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virus or prokatyotes - (Mar/10/2007 )


What is older, virus or prokaryotic cell?
Virus is more simple therefore easier to ‘be borne’ but how did it replicate then if there was no other organism?
I am convinced that prokaryotes were here first and some of them stuffed up.

Know there is endless discussion to it, but what people think?


Perhaps the answer is neither.

Perhaps prokaryotes and viruses (which are polyphyletic to begin with, and thus probably have varied histories) are contemporaries. Each has chosen a different line of development from the original LUCA (last universal common ancestor, which look probably was a population which swapped genes at some frequency.)

Much like saying who is ancestral, marsupials or placental. The answer we believe today is neither. They are contemporaries. The ancestral was probably an egg laying mammal.

And lastly, the viruses we see today are also highly evolved entities. One can easily imagine they are the only representive or even representives of only a single way of life that have survived to today.

Consider the lamprey and hagfish, both are parasitic scavengers, the last of the genre of jawless fish which once dominated the oceans of the world. Yet, if all jawless fish of today are parasitic, how can the jawless fish of yesterday ever be the dominant fish of the world? What would they parasitize upon?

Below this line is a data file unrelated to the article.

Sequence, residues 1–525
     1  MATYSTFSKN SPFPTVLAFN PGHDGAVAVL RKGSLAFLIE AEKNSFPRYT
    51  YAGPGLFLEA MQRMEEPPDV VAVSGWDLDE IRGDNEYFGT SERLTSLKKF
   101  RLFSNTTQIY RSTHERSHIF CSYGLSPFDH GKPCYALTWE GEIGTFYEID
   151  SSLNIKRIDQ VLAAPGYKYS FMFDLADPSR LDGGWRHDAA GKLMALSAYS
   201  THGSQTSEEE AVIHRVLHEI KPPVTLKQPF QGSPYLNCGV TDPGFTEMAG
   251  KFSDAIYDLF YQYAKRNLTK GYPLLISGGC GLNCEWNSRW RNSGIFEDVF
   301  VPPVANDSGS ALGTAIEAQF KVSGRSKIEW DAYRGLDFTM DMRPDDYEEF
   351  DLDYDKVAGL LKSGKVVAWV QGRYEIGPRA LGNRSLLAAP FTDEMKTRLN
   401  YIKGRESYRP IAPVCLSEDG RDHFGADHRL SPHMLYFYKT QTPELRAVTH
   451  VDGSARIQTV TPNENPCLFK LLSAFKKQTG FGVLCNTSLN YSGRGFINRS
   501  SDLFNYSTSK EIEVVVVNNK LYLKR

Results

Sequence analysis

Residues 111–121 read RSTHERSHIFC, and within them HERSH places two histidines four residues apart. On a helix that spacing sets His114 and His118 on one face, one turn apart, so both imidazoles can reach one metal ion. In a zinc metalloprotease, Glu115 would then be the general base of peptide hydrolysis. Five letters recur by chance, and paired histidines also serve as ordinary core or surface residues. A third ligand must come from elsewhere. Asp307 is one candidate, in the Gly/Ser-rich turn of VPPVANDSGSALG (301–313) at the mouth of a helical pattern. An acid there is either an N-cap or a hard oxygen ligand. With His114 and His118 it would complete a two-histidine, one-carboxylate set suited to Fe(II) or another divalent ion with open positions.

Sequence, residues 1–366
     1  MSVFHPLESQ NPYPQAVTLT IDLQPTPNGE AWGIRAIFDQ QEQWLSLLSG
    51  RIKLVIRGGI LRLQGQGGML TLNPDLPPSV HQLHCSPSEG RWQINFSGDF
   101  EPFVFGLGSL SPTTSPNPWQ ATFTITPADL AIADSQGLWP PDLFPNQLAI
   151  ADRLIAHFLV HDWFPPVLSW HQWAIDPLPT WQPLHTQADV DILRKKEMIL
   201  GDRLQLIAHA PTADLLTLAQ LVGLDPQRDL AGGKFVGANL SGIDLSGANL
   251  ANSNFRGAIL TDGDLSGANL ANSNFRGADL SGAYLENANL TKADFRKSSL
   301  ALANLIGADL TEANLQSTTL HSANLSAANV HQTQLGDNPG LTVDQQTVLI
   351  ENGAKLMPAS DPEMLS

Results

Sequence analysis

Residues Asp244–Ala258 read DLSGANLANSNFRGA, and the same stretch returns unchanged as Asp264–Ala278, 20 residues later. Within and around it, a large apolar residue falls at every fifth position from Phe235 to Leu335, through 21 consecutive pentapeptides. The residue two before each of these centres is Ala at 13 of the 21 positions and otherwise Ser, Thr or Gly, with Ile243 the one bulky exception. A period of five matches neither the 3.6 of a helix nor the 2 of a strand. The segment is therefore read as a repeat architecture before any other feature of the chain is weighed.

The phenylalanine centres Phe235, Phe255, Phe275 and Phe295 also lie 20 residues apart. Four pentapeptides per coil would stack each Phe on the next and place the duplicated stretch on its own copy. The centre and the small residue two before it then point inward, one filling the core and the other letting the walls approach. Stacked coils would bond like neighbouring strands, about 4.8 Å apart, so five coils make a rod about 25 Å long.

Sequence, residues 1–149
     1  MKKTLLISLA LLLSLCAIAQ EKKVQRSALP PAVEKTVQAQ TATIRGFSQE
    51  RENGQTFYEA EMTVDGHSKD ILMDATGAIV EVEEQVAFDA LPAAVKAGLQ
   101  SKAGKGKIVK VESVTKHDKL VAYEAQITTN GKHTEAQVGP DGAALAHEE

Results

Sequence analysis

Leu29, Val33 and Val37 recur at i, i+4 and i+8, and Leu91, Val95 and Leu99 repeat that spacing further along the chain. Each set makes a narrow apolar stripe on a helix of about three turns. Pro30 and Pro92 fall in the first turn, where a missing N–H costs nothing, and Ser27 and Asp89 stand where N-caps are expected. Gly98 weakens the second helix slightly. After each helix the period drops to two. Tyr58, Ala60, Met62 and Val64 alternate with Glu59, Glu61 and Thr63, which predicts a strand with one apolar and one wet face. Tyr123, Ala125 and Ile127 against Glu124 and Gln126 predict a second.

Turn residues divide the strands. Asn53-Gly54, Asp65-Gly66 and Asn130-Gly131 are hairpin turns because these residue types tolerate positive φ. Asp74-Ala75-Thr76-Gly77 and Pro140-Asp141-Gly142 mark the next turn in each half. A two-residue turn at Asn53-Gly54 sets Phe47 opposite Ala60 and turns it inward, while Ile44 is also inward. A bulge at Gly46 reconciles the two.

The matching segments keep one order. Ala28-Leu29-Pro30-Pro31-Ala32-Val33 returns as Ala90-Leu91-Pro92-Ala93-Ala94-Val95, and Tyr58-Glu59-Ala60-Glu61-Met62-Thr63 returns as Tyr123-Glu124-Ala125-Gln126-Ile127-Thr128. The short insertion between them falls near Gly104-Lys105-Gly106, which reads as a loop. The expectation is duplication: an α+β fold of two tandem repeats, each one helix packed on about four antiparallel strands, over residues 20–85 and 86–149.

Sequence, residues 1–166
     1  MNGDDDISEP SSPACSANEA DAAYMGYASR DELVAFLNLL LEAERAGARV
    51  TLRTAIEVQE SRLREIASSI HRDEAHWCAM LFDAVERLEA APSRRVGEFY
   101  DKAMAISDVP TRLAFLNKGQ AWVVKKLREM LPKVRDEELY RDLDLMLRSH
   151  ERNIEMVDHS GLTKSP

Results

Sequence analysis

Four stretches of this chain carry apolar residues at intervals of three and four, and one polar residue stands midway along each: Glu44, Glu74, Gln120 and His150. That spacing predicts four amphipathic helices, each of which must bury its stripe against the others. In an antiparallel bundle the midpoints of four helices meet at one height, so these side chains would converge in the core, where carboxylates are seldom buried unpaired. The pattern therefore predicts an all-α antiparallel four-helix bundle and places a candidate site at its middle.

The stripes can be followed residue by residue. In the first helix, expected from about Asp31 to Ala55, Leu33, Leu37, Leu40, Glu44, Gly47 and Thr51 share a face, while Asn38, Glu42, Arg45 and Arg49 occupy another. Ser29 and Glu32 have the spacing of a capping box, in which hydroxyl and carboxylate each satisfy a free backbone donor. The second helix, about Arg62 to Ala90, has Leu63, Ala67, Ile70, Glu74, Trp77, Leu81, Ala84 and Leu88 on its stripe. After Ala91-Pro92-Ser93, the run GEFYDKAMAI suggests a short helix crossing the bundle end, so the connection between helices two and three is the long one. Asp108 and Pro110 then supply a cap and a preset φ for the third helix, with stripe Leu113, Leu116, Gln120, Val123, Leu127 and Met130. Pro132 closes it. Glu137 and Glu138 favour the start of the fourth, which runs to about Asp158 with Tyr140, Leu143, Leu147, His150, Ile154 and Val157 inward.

Something is wrong.

This argument suffers the same problem with the virus argument. Fortunately we have fossil records to point out where. The jawless fish of yesterday weren’t all parasitic predators. They had a varied life style, probably from filter feeders, to active predators that crushed their prey with musculature alone (conjecture).

So just because only one way of life remains today, it doesn’t mean that it is the only means to survive. Conditions have changed greatly since the first prokaryote. And some viruses are truly strange. The mimi virus, which has a genome that is larger then smallest prokaryote, it even has DNA, RNA and the associated polymerase (both RNA and DNA).

Then there are viruses that can only replicated if a single cell is infected by several of the 8 viral isotypes… this strange “species” of virus has its genome parcel out to different viral particles. No every element arrives in one package.


But read this:,f1000m,isrctn

Key sentence: "The existence of several genes that are central to virus replication and structure, are shared by a broad variety of viruses but are missing from cellular genomes (virus hallmark genes) suggests the model of an ancient virus world, a flow of virus-specific genes that went uninterrupted from the precellular stage of life's evolution to this day."
But I'm not a virus expert